The neighborly thing to do before ripping a farmer’s land out from under him through eminent domain would be to make him an official offer for the property.
It would not have taken much for someone from the city of Oak Creek to approach Earl Giefer with an offer. A simple, “We want your land, and here’s what we’ll pay you for it.”
But Doug Seymour, Oak Creek’s director of community development, said the city never made such an offer before launching into the ongoing debate over whether Giefer’s farm is blighted and therefore eligible to be taken through eminent domain.
State law does not require such offers; basic human decency does. This is not some abandoned, disgusting piece of land. This is a farm run by a 94-year-old man who, by all evidence, really wants to keep his property.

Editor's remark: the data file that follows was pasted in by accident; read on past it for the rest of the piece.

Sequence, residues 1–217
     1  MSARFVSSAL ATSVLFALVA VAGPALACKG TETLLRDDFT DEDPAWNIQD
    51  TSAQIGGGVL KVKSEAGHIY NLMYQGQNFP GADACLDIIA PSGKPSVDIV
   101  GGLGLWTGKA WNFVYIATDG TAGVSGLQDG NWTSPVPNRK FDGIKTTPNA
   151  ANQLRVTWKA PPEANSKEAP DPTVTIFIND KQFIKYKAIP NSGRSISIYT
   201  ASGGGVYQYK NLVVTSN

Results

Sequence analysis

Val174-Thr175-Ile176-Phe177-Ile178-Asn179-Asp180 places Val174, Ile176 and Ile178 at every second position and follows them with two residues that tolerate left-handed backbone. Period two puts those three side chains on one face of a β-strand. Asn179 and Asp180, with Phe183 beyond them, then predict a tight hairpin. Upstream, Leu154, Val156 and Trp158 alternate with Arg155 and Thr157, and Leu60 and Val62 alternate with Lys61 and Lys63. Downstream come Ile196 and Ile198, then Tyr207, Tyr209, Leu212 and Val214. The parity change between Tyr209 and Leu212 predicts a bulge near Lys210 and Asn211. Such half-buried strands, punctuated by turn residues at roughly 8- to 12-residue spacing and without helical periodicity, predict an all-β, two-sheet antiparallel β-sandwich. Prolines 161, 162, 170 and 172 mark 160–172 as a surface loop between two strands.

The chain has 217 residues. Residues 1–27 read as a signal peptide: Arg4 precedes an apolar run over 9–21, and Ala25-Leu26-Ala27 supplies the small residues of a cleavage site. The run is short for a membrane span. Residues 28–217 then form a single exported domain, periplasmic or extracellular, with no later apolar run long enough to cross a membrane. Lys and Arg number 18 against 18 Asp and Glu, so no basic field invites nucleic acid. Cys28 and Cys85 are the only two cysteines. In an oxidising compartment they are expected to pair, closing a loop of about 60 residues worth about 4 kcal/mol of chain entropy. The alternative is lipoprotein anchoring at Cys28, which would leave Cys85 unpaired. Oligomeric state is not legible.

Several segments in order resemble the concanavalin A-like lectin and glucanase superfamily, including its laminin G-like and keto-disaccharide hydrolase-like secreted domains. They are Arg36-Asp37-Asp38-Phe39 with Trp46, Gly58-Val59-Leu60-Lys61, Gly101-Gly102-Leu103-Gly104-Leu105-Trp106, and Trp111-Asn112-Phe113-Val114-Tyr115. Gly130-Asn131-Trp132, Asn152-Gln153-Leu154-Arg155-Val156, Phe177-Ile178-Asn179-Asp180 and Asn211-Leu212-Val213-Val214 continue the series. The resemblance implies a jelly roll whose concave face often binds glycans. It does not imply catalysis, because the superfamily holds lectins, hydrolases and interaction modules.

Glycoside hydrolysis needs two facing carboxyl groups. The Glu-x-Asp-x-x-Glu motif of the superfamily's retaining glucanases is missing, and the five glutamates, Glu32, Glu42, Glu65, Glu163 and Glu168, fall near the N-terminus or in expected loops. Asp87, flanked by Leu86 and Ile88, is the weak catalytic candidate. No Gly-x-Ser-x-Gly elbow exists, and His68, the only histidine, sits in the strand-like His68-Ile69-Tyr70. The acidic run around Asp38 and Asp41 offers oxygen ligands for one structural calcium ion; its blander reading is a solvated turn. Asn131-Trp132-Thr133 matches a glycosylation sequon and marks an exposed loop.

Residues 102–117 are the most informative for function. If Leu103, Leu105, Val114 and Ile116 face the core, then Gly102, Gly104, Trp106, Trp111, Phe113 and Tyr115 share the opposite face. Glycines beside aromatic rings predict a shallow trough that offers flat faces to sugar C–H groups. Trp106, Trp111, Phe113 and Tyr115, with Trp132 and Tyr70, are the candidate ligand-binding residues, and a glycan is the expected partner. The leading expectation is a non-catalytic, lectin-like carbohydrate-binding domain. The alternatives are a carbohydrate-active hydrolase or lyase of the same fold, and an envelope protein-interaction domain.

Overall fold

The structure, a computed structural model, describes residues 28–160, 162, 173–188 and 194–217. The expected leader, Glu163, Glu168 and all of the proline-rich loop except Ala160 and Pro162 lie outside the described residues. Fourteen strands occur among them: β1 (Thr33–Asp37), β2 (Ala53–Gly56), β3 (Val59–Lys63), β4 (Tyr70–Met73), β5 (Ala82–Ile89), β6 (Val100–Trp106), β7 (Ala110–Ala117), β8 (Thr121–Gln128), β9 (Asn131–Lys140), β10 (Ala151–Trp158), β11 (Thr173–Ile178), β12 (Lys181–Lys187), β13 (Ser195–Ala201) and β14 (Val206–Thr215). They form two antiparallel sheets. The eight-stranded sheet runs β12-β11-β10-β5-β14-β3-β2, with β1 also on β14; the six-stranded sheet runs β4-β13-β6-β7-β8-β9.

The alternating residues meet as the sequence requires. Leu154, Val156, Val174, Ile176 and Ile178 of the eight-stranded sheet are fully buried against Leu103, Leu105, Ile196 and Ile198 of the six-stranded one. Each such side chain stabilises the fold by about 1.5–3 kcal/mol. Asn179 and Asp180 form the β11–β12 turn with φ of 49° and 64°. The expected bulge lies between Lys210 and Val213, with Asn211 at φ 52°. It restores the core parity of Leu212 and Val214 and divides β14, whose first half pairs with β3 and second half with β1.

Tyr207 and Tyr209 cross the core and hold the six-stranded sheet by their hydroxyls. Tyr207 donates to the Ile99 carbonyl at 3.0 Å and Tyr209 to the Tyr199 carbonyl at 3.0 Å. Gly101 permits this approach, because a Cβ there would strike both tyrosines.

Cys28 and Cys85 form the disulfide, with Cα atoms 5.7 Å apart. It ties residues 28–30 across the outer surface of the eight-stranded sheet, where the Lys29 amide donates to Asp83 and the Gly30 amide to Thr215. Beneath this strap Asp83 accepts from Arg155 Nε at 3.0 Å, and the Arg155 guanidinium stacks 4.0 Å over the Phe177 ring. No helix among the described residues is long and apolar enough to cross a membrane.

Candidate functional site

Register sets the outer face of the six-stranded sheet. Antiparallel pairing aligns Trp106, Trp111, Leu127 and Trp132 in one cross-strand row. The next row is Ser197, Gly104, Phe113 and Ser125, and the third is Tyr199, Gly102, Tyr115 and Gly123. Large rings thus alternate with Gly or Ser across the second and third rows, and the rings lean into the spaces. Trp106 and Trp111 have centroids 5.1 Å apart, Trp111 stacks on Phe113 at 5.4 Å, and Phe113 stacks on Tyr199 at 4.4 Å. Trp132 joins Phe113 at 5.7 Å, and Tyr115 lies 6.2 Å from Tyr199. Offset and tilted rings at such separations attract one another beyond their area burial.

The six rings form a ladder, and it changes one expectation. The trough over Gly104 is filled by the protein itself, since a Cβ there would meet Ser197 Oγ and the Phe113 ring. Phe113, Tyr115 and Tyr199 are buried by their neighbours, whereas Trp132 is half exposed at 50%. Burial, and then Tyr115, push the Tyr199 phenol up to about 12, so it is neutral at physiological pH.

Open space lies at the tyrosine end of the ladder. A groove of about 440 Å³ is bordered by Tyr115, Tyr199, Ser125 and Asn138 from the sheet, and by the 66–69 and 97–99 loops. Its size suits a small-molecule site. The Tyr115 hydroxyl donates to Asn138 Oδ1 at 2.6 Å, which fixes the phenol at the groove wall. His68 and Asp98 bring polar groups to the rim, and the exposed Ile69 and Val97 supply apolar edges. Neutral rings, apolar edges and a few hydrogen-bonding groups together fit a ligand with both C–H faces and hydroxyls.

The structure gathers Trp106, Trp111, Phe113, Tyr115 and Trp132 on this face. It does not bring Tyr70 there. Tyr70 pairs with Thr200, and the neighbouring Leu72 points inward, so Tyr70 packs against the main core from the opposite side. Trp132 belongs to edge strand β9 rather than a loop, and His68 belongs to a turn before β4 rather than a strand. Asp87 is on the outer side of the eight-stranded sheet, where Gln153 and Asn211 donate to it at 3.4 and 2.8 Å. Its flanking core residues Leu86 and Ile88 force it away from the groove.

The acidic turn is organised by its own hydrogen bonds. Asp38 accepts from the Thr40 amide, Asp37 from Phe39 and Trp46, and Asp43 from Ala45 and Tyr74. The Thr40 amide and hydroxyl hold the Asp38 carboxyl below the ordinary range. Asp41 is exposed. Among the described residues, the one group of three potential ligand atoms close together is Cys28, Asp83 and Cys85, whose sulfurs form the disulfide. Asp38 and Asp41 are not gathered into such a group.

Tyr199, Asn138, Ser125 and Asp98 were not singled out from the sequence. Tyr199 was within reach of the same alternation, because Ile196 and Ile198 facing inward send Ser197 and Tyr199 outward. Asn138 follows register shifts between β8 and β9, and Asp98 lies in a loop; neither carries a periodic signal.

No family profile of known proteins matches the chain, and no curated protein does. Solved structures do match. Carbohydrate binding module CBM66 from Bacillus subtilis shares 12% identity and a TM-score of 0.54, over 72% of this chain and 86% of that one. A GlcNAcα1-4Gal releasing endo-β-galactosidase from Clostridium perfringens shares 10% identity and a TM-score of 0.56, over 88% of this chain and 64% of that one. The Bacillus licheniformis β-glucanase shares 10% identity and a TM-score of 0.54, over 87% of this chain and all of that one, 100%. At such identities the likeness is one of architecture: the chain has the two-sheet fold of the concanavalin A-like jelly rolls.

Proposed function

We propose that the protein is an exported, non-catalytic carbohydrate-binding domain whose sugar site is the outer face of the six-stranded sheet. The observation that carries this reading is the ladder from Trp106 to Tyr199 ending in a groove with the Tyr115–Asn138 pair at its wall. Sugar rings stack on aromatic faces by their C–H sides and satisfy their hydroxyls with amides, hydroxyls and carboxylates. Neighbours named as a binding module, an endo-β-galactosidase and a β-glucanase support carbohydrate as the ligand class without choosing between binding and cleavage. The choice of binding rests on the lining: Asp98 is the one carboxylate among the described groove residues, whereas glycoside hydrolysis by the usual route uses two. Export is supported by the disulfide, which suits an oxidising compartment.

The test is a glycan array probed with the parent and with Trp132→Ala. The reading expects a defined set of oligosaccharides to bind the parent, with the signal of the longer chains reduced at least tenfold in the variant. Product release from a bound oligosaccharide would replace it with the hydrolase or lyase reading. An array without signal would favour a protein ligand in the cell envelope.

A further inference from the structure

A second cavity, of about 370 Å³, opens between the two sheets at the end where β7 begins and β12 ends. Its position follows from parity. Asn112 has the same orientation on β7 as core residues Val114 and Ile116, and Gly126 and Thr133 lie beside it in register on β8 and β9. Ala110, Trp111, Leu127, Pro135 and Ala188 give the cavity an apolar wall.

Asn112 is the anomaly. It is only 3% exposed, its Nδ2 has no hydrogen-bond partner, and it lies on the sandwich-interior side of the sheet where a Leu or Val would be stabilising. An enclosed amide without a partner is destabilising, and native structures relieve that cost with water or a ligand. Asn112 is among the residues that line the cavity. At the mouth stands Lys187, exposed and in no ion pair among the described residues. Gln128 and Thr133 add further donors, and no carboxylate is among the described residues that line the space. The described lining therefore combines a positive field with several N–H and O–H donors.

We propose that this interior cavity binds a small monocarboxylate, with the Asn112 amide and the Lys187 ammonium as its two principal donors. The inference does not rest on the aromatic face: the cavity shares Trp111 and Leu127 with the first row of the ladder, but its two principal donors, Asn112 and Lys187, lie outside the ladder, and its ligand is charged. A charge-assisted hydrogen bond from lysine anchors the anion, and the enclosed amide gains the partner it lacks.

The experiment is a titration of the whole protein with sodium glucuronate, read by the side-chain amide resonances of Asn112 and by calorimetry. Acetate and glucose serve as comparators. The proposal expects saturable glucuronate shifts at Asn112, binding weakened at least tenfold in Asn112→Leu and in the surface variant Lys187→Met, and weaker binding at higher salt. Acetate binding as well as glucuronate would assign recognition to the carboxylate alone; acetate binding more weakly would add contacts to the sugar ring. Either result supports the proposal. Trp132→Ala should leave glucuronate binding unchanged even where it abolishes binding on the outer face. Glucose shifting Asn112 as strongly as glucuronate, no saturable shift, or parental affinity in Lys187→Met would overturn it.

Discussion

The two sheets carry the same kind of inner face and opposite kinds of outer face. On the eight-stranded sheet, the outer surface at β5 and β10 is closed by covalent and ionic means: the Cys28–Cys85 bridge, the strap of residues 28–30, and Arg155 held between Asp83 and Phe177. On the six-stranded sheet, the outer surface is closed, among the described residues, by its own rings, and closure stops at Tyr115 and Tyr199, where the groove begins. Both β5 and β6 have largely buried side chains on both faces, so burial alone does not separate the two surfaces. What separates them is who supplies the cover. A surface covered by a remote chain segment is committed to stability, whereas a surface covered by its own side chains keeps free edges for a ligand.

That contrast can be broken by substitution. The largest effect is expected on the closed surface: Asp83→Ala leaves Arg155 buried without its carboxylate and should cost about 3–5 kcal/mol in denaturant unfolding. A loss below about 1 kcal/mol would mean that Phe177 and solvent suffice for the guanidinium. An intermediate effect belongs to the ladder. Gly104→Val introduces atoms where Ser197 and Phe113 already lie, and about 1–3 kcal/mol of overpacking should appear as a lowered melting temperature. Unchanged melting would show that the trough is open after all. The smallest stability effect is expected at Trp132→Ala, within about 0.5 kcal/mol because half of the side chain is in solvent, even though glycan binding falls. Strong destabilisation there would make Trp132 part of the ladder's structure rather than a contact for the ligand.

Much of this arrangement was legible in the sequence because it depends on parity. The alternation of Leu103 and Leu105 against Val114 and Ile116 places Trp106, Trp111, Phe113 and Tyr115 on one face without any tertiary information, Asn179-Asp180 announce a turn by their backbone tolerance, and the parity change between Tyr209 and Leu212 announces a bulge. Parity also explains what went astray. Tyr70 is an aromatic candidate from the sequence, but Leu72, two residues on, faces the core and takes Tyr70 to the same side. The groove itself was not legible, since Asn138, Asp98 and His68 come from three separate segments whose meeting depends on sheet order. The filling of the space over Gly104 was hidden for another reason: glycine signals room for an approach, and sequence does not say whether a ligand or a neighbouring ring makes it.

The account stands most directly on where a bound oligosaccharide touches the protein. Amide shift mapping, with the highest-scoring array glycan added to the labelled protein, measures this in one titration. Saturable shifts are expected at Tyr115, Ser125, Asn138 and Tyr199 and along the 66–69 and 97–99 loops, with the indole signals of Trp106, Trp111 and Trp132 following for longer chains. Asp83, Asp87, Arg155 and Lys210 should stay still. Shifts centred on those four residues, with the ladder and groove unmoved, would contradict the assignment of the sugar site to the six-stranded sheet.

Whether that property is blighted is wide open to interpretation. It certainly doesn’t jibe with the city’s development plans for the area. It might even be rundown.
But it never should have come to a contest over who can best massage perception to match the letter of the state’s condemnation law. It never should have come to the city of Oak Creek trying to take Earl Giefer’s farm through eminent domain.
These people are neighbors, after all. Neighbors shake hands, talk and, when the topic turns serious, they negotiate, maybe even argue. They try to swing a deal.
If that doesn’t happen, well, then it’s only neighborly to walk away.
Chris Thompson is the editor at The Daily Reporter. He’s friends with most of his neighbors and has not, as of this blog post, tried to take their land through eminent domain.
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